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Last Commit
Mar. 22, 2019
Oct. 28, 2017

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This is a C++ statistical library that provides an interface similar to Pandas package in Python.
A DataFrame can have one index column and many data columns of any built-in or user-defined type.
You could do almost everything you could do with Pandas within the C++ syntax and type checking framework. You can add/delete any data column type, slice, run summarization functors, transpose, etc. like Pandas.

You can slice the data frame and instead of getting another data frame you can opt to get a view. A view is a data frame that is a reference to a slice of the original data frame. So if you change the data in the view the corresponding data in the original data frame will also be changed.

Instances of DataFrame are not multithreaded safe. In other words, instances of DataFrame must not be used in multiple threads without protection. But DataFrame utilizes multithreading in two different ways:

  1. There are asynchronous versions of some methods. For example, you have both sort() and sort_async(). The latter returns a std::future which could execute in parallel.
  2. [Not fully implemented yet] DataFrame uses multiple threads, internally and unbeknown to the user, in some of its algorithms when appropriate. User can control (or turn off) the multithreading by calling set_thread_level() which sets the max number of threads to be used. The default is 0. The optimal number of threads is a function of users hardware/software environment and usually obtained by trail and error. set_thread_level() and threading level in general is a static property and once set, it applies to all instances.
// Define a DataFrame with unsigned long index type that uses std::vector
typedef DataFrame<unsigned long, std::vector>	MyDataFrame;

MyDataFrame                df;
std::vector<int>           intvec = { 1, 2, 3, 4, 5 };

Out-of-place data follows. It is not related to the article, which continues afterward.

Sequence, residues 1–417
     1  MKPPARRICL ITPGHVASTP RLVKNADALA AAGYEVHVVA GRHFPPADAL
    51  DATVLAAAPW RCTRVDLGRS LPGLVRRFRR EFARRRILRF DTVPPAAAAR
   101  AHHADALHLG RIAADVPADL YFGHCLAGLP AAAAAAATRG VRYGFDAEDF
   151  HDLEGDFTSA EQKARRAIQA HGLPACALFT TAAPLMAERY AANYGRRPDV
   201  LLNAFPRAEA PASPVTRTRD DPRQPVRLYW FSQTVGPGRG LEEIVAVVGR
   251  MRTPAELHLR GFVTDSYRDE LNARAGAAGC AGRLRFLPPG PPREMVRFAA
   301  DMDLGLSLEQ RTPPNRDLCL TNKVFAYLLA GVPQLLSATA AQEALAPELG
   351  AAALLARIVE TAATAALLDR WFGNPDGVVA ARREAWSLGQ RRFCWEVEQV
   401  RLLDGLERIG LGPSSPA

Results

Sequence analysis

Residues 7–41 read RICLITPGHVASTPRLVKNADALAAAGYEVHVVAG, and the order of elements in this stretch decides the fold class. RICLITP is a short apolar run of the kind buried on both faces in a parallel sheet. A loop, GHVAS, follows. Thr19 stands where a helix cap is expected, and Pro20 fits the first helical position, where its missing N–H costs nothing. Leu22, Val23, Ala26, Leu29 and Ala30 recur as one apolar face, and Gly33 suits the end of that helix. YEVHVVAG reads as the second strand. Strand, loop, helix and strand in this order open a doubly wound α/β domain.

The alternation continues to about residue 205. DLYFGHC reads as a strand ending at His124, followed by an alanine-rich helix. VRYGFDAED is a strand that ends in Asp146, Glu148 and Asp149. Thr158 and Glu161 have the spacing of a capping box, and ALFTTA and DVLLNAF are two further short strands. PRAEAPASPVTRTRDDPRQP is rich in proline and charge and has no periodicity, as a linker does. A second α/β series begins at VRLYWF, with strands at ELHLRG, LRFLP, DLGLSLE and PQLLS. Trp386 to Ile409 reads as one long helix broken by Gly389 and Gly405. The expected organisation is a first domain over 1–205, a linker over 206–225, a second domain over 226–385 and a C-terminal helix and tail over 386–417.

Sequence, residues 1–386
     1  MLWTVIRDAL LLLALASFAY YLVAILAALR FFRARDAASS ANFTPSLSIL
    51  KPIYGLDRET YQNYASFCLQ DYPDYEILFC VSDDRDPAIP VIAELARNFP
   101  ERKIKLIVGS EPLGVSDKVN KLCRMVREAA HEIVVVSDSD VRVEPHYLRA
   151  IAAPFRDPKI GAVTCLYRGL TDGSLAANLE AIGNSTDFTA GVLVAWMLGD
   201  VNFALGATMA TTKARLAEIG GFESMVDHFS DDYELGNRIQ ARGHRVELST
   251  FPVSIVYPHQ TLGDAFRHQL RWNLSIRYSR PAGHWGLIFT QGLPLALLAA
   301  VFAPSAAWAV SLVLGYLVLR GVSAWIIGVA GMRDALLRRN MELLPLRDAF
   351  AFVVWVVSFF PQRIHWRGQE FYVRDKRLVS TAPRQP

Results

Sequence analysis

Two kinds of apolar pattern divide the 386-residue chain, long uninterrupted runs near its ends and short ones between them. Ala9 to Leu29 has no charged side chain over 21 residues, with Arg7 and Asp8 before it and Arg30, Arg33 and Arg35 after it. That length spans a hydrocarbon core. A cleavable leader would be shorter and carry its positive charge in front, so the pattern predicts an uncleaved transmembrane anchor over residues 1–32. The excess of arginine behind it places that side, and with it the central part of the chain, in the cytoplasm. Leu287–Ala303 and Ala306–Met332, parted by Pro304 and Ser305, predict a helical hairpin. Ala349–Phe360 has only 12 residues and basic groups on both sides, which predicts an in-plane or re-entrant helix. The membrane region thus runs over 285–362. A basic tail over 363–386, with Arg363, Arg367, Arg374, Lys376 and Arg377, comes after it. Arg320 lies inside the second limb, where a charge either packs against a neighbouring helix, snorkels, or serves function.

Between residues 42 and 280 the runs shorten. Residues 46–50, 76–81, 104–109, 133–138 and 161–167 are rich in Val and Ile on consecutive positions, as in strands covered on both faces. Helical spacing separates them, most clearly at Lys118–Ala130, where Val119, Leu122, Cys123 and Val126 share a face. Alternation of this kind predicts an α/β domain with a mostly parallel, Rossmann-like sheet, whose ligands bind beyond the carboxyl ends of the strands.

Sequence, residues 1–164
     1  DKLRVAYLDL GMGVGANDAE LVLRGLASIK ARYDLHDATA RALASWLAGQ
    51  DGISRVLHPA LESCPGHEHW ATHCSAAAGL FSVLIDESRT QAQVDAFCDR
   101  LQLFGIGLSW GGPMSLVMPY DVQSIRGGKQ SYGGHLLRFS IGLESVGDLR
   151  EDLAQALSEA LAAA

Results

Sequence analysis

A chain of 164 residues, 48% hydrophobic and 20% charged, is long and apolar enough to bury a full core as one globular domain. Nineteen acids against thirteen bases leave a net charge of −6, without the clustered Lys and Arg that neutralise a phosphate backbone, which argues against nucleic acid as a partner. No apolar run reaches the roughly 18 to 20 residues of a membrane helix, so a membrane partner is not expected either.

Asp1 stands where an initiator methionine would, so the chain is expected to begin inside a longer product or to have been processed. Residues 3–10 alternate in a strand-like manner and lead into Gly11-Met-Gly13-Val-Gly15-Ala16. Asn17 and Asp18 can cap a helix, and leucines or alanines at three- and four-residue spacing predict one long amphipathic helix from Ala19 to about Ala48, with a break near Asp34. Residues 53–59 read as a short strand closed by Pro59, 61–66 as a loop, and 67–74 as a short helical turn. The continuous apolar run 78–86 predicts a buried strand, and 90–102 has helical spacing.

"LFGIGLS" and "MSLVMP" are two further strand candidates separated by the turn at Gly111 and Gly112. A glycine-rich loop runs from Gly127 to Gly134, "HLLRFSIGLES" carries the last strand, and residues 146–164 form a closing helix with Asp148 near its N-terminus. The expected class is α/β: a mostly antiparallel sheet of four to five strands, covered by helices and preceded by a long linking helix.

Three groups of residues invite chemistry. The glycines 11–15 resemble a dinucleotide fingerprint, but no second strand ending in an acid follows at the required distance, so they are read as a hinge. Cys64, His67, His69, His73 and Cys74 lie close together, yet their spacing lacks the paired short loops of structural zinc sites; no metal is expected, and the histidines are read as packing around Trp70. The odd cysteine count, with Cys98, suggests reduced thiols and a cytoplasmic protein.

std::vector<double>        dblvec = { 1.2345, 2.2345, 3.2345, 4.2345, 5.2345 };
std::vector<double>        dblvec2 = { 0.998, 0.3456, 0.056, 0.15678, 0.00345, 0.923, 0.06743, 0.1 };
std::vector<std::string>   strvec = { "Insight", "John Dow", "Alakazam", "Persian Prince", "Bugs Bunny" };
std::vector<unsigned long> ulgvec = { 1UL, 2UL, 3UL, 4UL, 5UL, 8UL, 7UL, 6UL }
std::vector<unsigned long> xulgvec = ulgvec;

// This is only one way of loading data into a DataFrame instance. There are
// many different ways of doing it. Please see the documentations, DataFrame.h, or
int rc = df.load_data(std::move(ulgvec),
                      std::make_pair("int_col", intvec),
                      std::make_pair("dbl_col", dblvec),
                      std::make_pair("dbl_col_2", dblvec2),
                      std::make_pair("str_col", strvec),
                      std::make_pair("ul_col", xulgvec));

// This is another way of loading a DataFrame
MyDataFrame       df2;
std::future<bool> fut = df2.read_async("sample_data.csv");

// Sort the Frame by index
df.sort<MyDataFrame::TimeStamp, int, double, std::string>();
// Sort the Frame by column “dbl_col_2”
df.sort<double, int, double, std::string>("dbl_col_2");

// A functor to calculate mean, variance, skew, kurtosis, defined in DataFrameVisitors.h file
// You can implement your own algorithms and extend the DataFrame easily 
StatsVisitor<double>  stats_visitor;
// Calculate the stats on column “dbl_col”
df.visit<double>("dbl_col", stats_visitor);

Date Time
DateTime class included in this library is a very cool and handy object to manipulate date/time with nanosecond precision.

DataFrame Documentation

DateTime Documentation

DataFrame Test File

Heterogeneous Vectors Test File
Date/Time Test File



Installing using CMake

mkdir build
cd build
cmake ..
make install


cd build
make uninstall